Alex and Lesley Stone delve into the history of Bean Rock lighthouse – 150 years old this year.

Fl(3) WR 8s 15m 14/11 M

She flashes three times every eight seconds. White or red lights, depending. They are elevated 15m above the mean low tide mark and can – nominally – be seen from 14 nautical miles (the white light), or 11 (the red).
That’s the simple translation of that arcane formula on your chart NZ 532 Approaches to Auckland.
Four red arcs, three white, showing respectively those dangerous courses into and out of the Waitematā Harbour, and those safer. She does not shine her lights on Bastion Point, Mission Bay Kohimaramara, or St Heliers.
And she has done so, non-stop, for 150 years. She’s our last wooden, wave-washed sentinel, a Historic Place, Category 1. Just to the north of her, there’s 23m of water, which is why the ferries go so close. Just to the south there’s bugger-all.
Called Kapetaua by local Maori, Bean Rock was named after a Mr PCD Bean, a crew-member on the HMS Herald which visited Auckland in 1840. He helped chart the harbour.
She allows no anchoring nearby. And although she has been a home at times – a three-room, elevated cottage with expansive views – she allows no visitors nowadays.
She’s Bean Rock, the lighthouse that for a century and a half has lit the way into the Waitematā Harbour. She was to be demolished in 1985 but a public outcry stopped that. She’s set to be here for a long time still to come.

Bean Rock restoration in progress June1985.

When she was built In 1871, the navigational lighting of our harbours and well-studded coastline was poor. Before that, the rock of Kapetaua had been marked with a modest red perch and black buoy.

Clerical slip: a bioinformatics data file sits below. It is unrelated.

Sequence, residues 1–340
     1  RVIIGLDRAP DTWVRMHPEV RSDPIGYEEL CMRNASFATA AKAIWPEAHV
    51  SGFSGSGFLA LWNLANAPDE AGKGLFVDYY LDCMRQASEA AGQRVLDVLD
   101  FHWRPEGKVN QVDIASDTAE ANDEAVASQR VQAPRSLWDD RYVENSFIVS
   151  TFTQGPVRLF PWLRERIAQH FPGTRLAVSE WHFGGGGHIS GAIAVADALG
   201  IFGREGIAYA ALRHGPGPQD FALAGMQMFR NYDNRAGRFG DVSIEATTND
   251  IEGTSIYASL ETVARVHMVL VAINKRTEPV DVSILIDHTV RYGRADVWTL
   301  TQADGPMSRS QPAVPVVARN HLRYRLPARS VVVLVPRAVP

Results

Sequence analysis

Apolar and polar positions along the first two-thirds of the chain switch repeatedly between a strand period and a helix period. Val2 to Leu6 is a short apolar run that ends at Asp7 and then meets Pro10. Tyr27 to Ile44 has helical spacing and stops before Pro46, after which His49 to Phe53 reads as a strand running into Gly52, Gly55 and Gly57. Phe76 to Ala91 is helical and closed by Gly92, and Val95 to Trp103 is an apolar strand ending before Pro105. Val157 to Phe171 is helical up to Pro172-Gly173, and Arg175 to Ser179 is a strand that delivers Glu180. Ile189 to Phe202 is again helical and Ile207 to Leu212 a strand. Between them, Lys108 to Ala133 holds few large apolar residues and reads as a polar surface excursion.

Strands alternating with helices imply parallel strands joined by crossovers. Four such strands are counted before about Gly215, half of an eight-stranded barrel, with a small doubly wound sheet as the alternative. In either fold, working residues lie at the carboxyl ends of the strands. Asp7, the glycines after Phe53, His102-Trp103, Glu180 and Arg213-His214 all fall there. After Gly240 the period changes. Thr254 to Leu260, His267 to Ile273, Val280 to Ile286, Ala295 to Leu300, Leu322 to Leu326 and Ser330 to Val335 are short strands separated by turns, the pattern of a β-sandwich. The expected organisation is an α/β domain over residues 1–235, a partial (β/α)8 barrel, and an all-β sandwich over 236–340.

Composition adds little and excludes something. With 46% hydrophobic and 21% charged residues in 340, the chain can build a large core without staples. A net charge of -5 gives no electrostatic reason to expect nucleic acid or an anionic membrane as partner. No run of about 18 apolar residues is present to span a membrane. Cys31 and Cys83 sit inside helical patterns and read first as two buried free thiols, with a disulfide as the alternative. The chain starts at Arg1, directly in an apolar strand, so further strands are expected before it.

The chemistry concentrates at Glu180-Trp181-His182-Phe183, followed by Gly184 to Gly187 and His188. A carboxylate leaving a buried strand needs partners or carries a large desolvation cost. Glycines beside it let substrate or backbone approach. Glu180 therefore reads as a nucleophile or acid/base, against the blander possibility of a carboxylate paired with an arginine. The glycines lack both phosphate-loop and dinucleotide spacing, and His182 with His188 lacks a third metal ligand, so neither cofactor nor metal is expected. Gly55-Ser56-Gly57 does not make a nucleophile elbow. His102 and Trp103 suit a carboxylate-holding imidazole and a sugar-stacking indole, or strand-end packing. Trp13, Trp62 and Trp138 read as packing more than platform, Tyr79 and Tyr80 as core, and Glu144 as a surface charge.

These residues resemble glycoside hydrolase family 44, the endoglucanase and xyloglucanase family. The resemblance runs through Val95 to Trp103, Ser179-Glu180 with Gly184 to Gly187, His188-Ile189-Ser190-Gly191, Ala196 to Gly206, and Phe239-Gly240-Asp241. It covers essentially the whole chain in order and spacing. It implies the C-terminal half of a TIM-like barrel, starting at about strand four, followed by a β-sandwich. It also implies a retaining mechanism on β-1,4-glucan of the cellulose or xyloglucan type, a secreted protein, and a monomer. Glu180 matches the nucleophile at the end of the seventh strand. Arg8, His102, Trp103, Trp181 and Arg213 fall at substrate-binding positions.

Three blokes were closely associated with the lighthouse’s design and construction: William Cameron, the builder; James Melville Balfour, who drew the initial plans; and Auckland’s first city engineer, James Stewart, also the Inspector of Steamers for the Government.
Balfour favoured wooden structures because he thought it was “important for the coast to be lit rapidly, even if the lighthouses did not last as long,” so Bean Rock lighthouse was built from wood.
The innovative design was technically challenging. It included solid foundations to the high-tide level, with a lightweight structure above. The upper part of the lighthouse is a hexagonal, board and batten three-room kauri ‘cottage’ with surrounding cantilevered verandahs. Above is a hexagonal lighting chamber. The open timber tower, also hexagonal, has cast-iron tubular piles. The base was reinforced using masonry quarried from nearby Rangitoto Island.
Bean Rock Lighthouse was officially lit at 6pm on the evening of 24 July 1871. The first light at Bean Rock was fuelled by kerosene.  A live-in keeper would light it every evening and check it throughout the night.

In 1912, her new owner, the Auckland Harbour Board, installed an acetylene light, making it the first automated lighthouse in the country. An electric cable was connected in 1936, increasing the light’s brightness fivefold. Now it runs entirely on solar power.
By 1970 there was talk of replacing the old lady beacon, but in 1985 the Auckland Harbour Board chose to restore her instead. The old lighthouse was taken ashore for five months for her big make-over, which included re-roofing and some new external cladding. The renovated structure was placed on new timber legs with concrete foundation posts.
So there she sits, our grand old lady Bean Rock Lighthouse. Good – we hope – for another 150 years.

Lighthouse specifications


construction timber legs, hexagonal wooden cottage
tower height 15m
markings white
power source solar power
operator Ports of Auckland
heritage NZHPT category I listing
first lit 24 July 1871
automated 1912
focal height 15m
range 14nm (26km) (white)
11nm (20km) (red)
characteristic FI WR 8s, FI(3) WR 8s
Admiralty no. K3748
NGA no. 111-4064, 4064